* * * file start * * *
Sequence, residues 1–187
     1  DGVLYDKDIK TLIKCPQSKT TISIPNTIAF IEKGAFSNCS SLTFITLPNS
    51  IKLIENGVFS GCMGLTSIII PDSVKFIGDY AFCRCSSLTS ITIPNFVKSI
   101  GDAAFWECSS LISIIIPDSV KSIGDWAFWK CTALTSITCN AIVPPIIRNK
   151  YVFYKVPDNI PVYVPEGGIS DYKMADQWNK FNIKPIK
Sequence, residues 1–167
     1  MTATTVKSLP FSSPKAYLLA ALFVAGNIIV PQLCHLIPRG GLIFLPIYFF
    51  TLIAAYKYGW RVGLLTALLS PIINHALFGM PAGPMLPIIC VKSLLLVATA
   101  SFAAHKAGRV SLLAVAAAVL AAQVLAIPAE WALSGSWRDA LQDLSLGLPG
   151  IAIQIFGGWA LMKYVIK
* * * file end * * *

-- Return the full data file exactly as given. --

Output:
Sequence, residues 1–187
     1  DGVLYDKDIK TLIKCPQSKT TISIPNTIAF IEKGAFSNCS SLTFITLPNS
    51  IKLIENGVFS GCMGLTSIII PDSVKFIGDY AFCRCSSLTS ITIPNFVKSI
   101  GDAAFWECSS LISIIIPDSV KSIGDWAFWK CTALTSITCN AIVPPIIRNK
   151  YVFYKVPDNI PVYVPEGGIS DYKMADQWNK FNIKPIK
Sequence, residues 1–167
     1  MTATTVKSLP FSSPKAYLLA ALFVAGNIIV PQLCHLIPRG GLIFLPIYFF
    51  TLIAAYKYGW RVGLLTALLS PIINHALFGM PAGPMLPIIC VKSLLLVATA
   101  SFAAHKAGRV SLLAVAAAVL AAQVLAIPAE WALSGSWRDA LQDLSLGLPG
   151  IAIQIFGGWA LMKYVIK